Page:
earth pressure cell placed vertically was attached with a piece of plywood (2.5 inches x 3.5
inches) on the back. The piece of plywood was attached to keep the earth pressure cell vertical
during the construction of the test section. In addition, each earth pressure cell was covered with
a sand bag. The sand bag was placed to avoid the uneven distribution of the aggregate contact on
the sensor surface because the sensor area of the earth pressure cell with a 1.8 inch diameter
would have few contact points for crushed stone with a inch maximum particle size.

FIGURE 4.21
Backfilling up to the Springline in Test Section 3

89

FIGURE 4.22
Earth Pressure Cells at the Springline in Test Section 3

FIGURE 4.23
Earth Pressure Cells at the Crown in Test Section 3

AB-3 aggregate was used as a base course for this test section. A 9 inch thick base course
was compacted in two layers with the vibratory plate compactor and the jackhammer for several
passes until the desired densities were achieved. The AB-3 base course was compacted at 95 %
of the maximum density at a moisture content of around 9%.

90

A sketch of the cross section of the test sections is shown in Figure 4.24, which presents
the compaction schedule of the backfill and the base course, and also includes the locations of
the earth pressure cells.

FIGURE 4.24
Cross Section of Test Section Including the Soil Lifts and Earth Pressure Cells

4.6 Quality Control


The vane shear tests (ASTM D2573-08) were carried out on each compacted lift of the
fat clay to keep the CBR value between 2 and 3 %. The relation, cu = 298 CBR, established in
Section 3.2.1, was used to determine the CBR values from the undrained shear strength values
measured from the vane shear tests. Figure 4.25 shows a picture taken during the vane shear test.
Non-destructive Light Weight deflectometer (LWD) tests were conducted over the
compacted fat clay, the Kansas River sand, and the AB-3 aggregate at various locations during
the preparation of the test sections as shown in Figure 4.26. The dynamic deformation moduli
(Evd) obtained from LWD tests (using a 1 ft diameter plate) were in a range of 1,200 and 1,550

91

psi for the fat clay, 2,200 and 3,050 psi for the sand, and 4,700 and 7,050 psi for the AB-3
aggregate.

FIGURE 4.25
Vane Shear Test on the Fat Clay

FIGURE 4.26
LWD Test on the Fat Clay

After the preparation of the test sections, Dynamic Cone Penetration (DCP) tests were
carried out from the top of the base courses to the depth at four different locations following
ASTM D6591-03. The relationship between the CBR value at the depth of penetration and the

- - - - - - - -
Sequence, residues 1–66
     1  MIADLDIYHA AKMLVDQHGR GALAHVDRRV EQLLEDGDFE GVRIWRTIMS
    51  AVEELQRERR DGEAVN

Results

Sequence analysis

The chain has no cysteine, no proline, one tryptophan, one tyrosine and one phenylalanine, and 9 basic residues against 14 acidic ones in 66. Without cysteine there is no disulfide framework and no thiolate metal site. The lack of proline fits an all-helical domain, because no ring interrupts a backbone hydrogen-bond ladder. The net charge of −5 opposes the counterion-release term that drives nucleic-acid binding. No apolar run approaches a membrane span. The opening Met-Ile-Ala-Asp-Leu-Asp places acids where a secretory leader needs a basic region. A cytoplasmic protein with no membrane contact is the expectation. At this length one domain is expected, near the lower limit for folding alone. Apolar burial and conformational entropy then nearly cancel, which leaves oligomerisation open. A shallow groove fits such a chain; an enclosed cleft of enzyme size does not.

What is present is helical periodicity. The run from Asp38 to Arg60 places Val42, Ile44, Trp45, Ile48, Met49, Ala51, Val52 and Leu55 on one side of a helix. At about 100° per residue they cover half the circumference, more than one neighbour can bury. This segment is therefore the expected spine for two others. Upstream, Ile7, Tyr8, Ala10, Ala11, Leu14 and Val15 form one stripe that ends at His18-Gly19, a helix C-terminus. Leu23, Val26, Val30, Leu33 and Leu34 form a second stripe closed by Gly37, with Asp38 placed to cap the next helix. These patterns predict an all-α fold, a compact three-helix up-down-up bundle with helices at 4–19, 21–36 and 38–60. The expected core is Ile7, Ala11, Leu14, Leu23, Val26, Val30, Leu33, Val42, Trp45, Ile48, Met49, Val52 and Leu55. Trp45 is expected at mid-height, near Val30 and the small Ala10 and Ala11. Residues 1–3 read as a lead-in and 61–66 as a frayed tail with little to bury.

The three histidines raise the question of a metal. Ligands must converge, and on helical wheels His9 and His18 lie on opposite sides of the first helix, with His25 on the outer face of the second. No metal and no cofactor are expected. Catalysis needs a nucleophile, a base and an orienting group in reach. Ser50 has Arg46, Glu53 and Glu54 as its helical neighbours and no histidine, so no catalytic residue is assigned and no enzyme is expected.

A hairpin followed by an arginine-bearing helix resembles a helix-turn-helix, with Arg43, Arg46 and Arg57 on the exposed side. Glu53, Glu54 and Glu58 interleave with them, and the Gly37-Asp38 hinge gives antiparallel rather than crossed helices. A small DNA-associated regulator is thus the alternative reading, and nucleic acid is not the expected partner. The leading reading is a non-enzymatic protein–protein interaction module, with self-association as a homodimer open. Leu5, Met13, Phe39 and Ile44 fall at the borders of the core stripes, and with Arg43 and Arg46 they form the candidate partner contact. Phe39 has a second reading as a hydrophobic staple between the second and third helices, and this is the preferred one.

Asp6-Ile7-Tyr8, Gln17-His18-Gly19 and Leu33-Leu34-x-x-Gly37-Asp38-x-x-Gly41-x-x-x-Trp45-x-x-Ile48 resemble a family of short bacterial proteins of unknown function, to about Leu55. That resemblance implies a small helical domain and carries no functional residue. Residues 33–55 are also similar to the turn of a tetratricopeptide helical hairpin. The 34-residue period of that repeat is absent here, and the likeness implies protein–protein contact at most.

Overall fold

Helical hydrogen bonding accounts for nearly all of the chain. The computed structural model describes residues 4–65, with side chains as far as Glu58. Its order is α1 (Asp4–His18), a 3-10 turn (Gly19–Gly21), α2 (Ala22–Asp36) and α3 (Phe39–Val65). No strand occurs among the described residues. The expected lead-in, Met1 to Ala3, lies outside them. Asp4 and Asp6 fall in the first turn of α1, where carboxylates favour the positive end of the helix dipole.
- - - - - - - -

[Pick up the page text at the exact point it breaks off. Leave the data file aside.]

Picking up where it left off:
penetration index in inches per blow of DCP is given in Equation 4.1 (Webster et al. 1992). The
CBR profiles of the test sections obtained from the DCP tests are shown in Figure 4.27. The
92

average CBR value of the fat clay and the AB-3 aggregate, resulting from the DCP tests, were
approximately 2.5 % and 20%, respectively.
CBR (%) =

292
( PI 25.4) 1.12

Equation 4.1

where PI= the penetration index

10

CBR (%)
30

20

40

0
Base (AB-3)

10

Depth (in.)

20

Location 1
Location 2
Location 3
Location 4

30
Fat clay

40

50

60

70
FIGURE 4.27
CBR Profiles in Test Section 1

93

50

60

4.7 Data Collection


Figure 4.28 shows a test section ready for a plate loading test. All sensors were connected
to the data acquisition system. The Multi Purpose Test (MPT) software was used to apply both
static and cyclic loads as mentioned in Section 4.2. For each test of the pipe, the following data
were collected:
a) The applied load and displacement of the actuator
b) The settlement of the loading plate from the displacement transducer
c) The displacement of the pipe crown from the tell-tale
d) The deflection (or change of diameter) at the center and 12 inches from the center
of the testing pipe from the displacement transducers
e) The pressure distribution around the pipe using the earth pressure cells
f) The circumferential and longitudinal strains developed on the steel and plastic at
the center of the pipe under the loading plate from the strain gages

FIGURE 4.28
Displacement Transducers Fixed to a Reference
Beam

94

Chapter 5: Data Analysis and Results


This chapter contains a summary and analyses of the test results obtained from the three
large-scale box tests. The test results include those obtained during the installation, static plate
loading tests, and cyclic plate loading tests. The test results from static and cyclic plate loading